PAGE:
- The Washington Times - Tuesday, August 8, 2006

VIENNA, Austria — At least 15 nations are considering sending troops to be a part of an eventual U.N.-mandated inter- national force in southern Lebanon.

Scores of others, such as the United States and Britain, have ruled out sending soldiers. Many of them are skittish about a Middle East quagmire or are stretched thin elsewhere.

Over the whole enterprise hangs a Catch-22: Israel refuses to leave until the force is in place, and nations won’t deploy forces until a cease-fire is in effect.

“We do not want foreign troops to commit suicide by entering Lebanon under the current situation,” said Syed Hamid Albar, the foreign minister of Malaysia, which has 1,000 soldiers on standby.

Diplomats are preoccupied with pushing through a U.N. resolution aimed at ending nearly a month of fighting before they tackle the question of a multinational force.

The 15 countries willing in principle to deploy forces — provided they receive a strong U.N. mandate with clear rules of engagement — are Australia, Brazil, Chile, France, Ghana, Indonesia, Italy, Lithuania, Malaysia, Nigeria, Norway, Portugal, Romania, Spain and Turkey. Poland has 200 soldiers serving as U.N. peacekeepers in Lebanon and has said it is inclined to keep them there.

Three of the 15 have offered specifics of what they are ready to commit: Malaysia, which says its 1,000-strong contingent would be backed by armored vehicles; Indonesia, the world’s most populous Muslim nation, which has offered about 800 troops; and Norway, which has pledged nearly 100 marines and four missile torpedo boats.

Italy last month promised a “substantial contribution.” Other forces could come from Turkey, which has experience leading U.N. peacekeeping operations in Afghanistan and Somalia; and France, which has about 1,300 personnel and several frigates in the area.

“I don’t foresee any more than 5,000 French in the zone,” said Cmdr. Jerome Erulin, a French military spokesman, cautioning that it was too early to determine his nation’s role. That figure “would be the high end of the range,” he said.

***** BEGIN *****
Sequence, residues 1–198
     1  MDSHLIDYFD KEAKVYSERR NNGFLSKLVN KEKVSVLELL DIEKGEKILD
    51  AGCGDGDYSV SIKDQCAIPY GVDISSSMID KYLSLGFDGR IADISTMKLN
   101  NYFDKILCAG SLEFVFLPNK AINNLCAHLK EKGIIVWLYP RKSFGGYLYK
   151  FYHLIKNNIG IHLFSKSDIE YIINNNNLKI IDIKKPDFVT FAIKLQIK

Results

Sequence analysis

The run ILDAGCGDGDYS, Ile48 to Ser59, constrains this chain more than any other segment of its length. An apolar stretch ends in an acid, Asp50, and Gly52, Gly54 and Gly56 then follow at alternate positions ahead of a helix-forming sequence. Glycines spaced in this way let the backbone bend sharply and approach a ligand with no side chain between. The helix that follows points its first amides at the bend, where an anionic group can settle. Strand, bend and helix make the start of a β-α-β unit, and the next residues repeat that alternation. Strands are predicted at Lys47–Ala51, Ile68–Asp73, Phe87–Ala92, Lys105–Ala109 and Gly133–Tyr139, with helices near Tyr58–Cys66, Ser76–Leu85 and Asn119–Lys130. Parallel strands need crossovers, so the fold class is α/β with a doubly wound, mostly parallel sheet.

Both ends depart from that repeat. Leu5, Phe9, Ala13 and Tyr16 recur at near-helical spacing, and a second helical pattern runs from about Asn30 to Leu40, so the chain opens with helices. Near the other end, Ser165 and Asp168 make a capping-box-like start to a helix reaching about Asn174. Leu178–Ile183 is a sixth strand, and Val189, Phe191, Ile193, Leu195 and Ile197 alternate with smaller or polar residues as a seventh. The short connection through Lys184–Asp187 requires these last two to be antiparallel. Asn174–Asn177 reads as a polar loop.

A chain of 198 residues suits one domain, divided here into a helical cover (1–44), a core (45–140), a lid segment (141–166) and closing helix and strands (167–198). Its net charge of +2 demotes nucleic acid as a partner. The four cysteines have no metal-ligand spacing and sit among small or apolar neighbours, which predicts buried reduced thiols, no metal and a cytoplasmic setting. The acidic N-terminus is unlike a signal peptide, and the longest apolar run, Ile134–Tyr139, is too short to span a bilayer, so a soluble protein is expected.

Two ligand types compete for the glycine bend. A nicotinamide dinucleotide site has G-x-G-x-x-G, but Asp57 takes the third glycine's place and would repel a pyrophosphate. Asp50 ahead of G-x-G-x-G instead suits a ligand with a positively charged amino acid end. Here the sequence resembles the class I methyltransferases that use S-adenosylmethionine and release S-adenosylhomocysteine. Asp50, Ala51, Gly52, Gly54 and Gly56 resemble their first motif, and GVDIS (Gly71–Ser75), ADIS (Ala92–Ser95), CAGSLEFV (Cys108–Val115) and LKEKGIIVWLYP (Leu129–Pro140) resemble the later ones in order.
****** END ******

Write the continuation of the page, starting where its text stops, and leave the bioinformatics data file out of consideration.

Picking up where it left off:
Speculation on who might command a multinational force in southern Lebanon has centered on Turkey and France.

A daunting tangle of complications threatens to bedevil the international effort even before it gets under way.

Among the more striking examples is Germany. It has not ruled out a troop contribution, but its leaders — mindful of the country’s Nazi past — are eager to avoid any scenario in which German soldiers wind up in conflict with Israelis.

Among the many other thorny issues, Israeli Prime Minister Ehud Olmert has said his country would stop its offensive only after the deployment of a robust international force — “an army with combat units” ready and willing to rein in Hezbollah.

That raises the question of whether the Europeans and others are prepared for a campaign that could go beyond peacekeeping and firing weapons purely in self-defense to the potentially bloody business of engaging and disarming Hezbollah militants. With Hezbollah mixed among civilians, that involves a high risk that the force would cause civilian casualties.

Some military analysts have suggested that Hezbollah, if forced back by international troops, could lob its rockets over their heads and keep hitting targets in northern Israel. If Israel wanted to strike back by ground assault, it presumably would be up to the force to stop it.

The United States says it plans to help train and equip the Lebanese army, which many hope ultimately would take over the border area. Britain has hinted it may offer technical assistance.

Questions have been raised about whether the United States, busy training Iraqi security forces, has enough instructors to train Lebanese troops, and whether that training would be in Lebanon or in another country.

Cyprus has been mentioned as a staging point for international troops, but Turkey, which does not recognize the island’s Greek-led government, would be restricted to using Cyprus’ northern, ethnically Turkish part.

Much of the Muslim world gives broad support to the idea of sending troops. Even Malaysia’s largest opposition bloc, the fundamentalist Pan-Malaysian Islamic Party, says the world’s Muslims have a moral responsibility to help end the violence.

“The mission is good because it can prevent a broader Middle East conflict,” said Cholil Munawir, a supporter of Indonesia’s Islamic Community Forum, which bitterly opposes Israel’s campaign in Lebanon.

Elsewhere, public resistance is building, just as it did before the 2003 U.S.-led invasion of Iraq. In Germany, polls suggest two in three people oppose committing troops.

“Nigerian soldiers should not be sent to a war that is none of our business,” said Ahmed Mohammed, a politician in Nigeria, which has not specified how many troops it is prepared to send.

“We cannot continue to sacrifice the lives of our young men for the mistakes of others.”

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